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Gorillas is the fastest-ever 'unicorn' in Europe


The founder of the fastest-ever ‘unicorn’ in Europe dreams of fleets of cycle couriers rapidly delivering groceries in every British city.

A year ago, Turkish-born tech entrepreneur Kağan Sümer barely had a few euros to his name and was trying to get his fledgling firm, Gorillas, off the ground in Berlin.

Since then, the expansion of the company – with huge injections of cash from venture capitalists and hedge funds – has been truly breath-taking and its most recent funding round valued it at more than $1billion – giving unicorn status.

Growth: Gorillas' most recent funding round valued it at more than $1bn

Growth: Gorillas’ most recent funding round valued it at more than $1bn

Gorillas now operates in 35 cities across Germany, Holland, Italy, France and the UK, namely London, Manchester and Southampton.

It is about to launch a major marketing campaign across the UK, to get more customers ordering groceries for delivery, and step up its operations around the country.

More cities are being added every month promise is to get groceries to the customer within 10 minutes at retail prices, with a flat fee £1.80 delivery charge.

The delivery couriers – all on electric bikes – pick up their stock at strategically placed ‘dark stores’ — mini warehouses where packers work to fast-paced background music, and the delivery fleet then whisk the groceries off to the customers.

Turkish-born tech entrepreneur Ka¿an Sümer

Turkish-born tech entrepreneur Kağan Sümer

Former Olympic-standard water polo player Sümer, 33, who operates out of London, Berlin and New York, says he’s barely started.

How does he feel to have gone from a company with no employees to more than 8.000 in a year?

‘I don’t see it as an amazing achievement because we’ve got such a long way to go,’ he told MailOnline and This is Money in an exclusive interview.

‘We’ve had terrific investors and I’ve built a superb team around me.

‘I always thought that if we can get to the moon, we should be able to get to the supermarket – or at least bring the supermarket to us.’

His delivery team all ride electric bikes, and it’s a key part of Sümer’s thinking that the business should be environmentally friendly.

He’s pleased that around 40 per cent of Gorillas’ orders are fresh fruit, dairy and vegetables, and thinks the traditional supermarket model is obsolete.

Healthy business: Around 40% of Gorillas¿ orders are fresh fruit, dairy and vegetables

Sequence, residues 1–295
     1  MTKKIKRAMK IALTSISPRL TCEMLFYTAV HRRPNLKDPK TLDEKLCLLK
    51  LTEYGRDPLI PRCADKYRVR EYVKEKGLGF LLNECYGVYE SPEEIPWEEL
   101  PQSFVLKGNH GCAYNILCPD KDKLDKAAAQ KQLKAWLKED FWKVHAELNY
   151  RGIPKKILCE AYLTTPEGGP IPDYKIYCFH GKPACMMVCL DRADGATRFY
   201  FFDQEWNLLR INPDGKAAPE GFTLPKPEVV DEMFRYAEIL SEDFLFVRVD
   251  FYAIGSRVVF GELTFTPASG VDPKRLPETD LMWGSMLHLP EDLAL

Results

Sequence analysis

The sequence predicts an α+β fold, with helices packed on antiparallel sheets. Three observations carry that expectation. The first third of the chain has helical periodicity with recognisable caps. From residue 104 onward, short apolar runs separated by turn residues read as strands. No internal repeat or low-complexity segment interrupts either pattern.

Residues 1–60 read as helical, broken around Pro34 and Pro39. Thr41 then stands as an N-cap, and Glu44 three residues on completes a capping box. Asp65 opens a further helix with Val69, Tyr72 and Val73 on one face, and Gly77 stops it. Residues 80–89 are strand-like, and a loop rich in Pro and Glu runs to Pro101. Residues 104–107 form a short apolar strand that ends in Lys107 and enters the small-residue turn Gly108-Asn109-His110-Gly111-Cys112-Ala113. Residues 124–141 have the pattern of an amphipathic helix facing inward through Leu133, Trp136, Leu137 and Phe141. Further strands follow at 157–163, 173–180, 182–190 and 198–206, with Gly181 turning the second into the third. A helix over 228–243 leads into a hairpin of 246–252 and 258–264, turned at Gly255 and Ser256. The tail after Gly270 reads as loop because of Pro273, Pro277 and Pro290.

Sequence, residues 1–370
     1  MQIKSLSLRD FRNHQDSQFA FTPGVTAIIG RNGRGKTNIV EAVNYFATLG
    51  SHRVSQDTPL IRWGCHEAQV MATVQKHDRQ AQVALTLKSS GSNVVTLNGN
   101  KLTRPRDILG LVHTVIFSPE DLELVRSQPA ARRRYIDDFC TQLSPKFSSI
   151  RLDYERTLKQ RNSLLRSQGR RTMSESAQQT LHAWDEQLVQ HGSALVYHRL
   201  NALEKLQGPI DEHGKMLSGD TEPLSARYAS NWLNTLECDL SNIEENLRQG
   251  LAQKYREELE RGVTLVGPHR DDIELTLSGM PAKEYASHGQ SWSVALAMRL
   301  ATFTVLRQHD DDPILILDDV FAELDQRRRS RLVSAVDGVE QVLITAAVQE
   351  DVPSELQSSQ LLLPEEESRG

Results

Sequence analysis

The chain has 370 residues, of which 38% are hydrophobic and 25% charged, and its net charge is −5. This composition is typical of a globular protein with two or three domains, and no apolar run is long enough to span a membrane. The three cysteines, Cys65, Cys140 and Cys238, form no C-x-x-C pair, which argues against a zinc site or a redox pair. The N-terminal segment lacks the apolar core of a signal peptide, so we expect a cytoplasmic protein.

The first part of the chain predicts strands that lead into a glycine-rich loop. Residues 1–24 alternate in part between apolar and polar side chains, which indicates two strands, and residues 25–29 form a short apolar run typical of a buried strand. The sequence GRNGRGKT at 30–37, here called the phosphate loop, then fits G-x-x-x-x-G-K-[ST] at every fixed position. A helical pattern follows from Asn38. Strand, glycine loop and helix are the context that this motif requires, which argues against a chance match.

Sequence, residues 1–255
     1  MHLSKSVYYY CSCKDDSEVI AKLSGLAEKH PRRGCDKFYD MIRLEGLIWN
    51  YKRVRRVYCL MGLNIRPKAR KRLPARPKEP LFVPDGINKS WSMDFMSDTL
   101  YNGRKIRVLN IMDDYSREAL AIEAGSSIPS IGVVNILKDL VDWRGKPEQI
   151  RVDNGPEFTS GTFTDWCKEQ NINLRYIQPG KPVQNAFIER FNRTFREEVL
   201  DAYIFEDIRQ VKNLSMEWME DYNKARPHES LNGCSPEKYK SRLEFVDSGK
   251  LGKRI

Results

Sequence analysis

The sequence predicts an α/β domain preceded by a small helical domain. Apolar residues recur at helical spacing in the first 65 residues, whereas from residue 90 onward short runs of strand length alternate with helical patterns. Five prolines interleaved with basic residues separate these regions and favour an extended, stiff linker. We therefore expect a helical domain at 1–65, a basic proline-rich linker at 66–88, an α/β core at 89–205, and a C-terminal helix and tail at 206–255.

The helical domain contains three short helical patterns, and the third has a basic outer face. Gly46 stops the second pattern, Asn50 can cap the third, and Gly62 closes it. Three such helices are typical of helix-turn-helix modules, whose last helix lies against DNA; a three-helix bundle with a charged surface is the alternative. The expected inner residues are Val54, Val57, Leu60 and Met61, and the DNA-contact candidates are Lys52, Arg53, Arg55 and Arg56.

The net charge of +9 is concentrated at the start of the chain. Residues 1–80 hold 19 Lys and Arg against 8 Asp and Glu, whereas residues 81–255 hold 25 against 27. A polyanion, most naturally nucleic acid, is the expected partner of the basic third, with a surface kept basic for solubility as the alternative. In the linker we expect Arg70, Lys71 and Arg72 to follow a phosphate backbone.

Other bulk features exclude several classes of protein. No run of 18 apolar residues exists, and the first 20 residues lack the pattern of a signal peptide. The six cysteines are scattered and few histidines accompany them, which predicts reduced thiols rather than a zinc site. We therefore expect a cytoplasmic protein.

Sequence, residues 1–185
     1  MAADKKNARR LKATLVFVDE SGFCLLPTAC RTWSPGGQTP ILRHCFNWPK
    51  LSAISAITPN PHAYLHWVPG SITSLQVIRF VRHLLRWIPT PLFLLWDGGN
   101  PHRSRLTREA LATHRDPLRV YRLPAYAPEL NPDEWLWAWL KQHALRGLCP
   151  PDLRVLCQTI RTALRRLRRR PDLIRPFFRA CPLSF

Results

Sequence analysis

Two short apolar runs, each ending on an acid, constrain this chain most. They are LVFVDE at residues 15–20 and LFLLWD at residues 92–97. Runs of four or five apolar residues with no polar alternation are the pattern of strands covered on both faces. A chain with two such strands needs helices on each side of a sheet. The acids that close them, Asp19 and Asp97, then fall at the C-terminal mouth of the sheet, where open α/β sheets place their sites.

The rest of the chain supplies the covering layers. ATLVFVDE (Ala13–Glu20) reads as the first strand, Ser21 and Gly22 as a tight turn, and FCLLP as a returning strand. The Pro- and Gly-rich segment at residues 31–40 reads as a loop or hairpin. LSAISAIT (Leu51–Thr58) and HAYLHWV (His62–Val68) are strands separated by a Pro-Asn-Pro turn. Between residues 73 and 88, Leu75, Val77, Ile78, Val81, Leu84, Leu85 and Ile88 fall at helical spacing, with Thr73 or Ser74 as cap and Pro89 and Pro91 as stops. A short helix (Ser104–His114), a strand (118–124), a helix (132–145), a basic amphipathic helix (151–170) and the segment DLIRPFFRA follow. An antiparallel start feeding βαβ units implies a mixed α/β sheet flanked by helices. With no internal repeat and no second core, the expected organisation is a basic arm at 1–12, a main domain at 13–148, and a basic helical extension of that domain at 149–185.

Healthy business: Around 40% of Gorillas’ orders are fresh fruit, dairy and vegetables

‘Food like that needs to be eaten fresh when you want it, and not left to sit on a shelf for days. When the caveman got hungry, he went out and got his food – we’re just doing the same in a slightly different way.’

He’s wary of negative publicity – and he’s had his share with reports that his riders in Germany are fighting for unionisation and others that fed-up residents in some areas of Berlin are complaining that the areas around Gorillas’ dark stores are overcrowded with couriers and their bikes.

Sümer quotes an old Turkish proverb: ‘If a tree grows a lot of apples, people throw stones to get the apples down.’

He says he’s keen to take his workforce with him and claims an employee satisfaction rate of 89 per cent, which in part, he says is down to his monthly ‘all hands’ online meetings with all the employees.

But other challenges also lie ahead: In the UK alone, Gorillas faces stiff opposition from many other start-ups. Getir, which pioneered rapid delivery in Turkey, entered the UK market in February. Other competitors Weezy and Dija use a similar model.

Supermarkets including Waitrose, Morrisons and the Co-Op use Deliveroo for rapid deliveries from stores.

And the big boys are taking notice of this new upstart – last year, Sümer hired former Lidl UK boss Ronny Gottschlich as chief commercial officer.

Sümer certainly doesn’t lack ambition: ‘I would like to see our company expanding globally in 50 per cent of the world’s cities before long,’ he says.

‘It’s a tough road and it’s been full of mistakes, but I’m a strong person because I know that I’m also vulnerable.

‘I don’t want to stand still – always evolving, that’s my mantra.’

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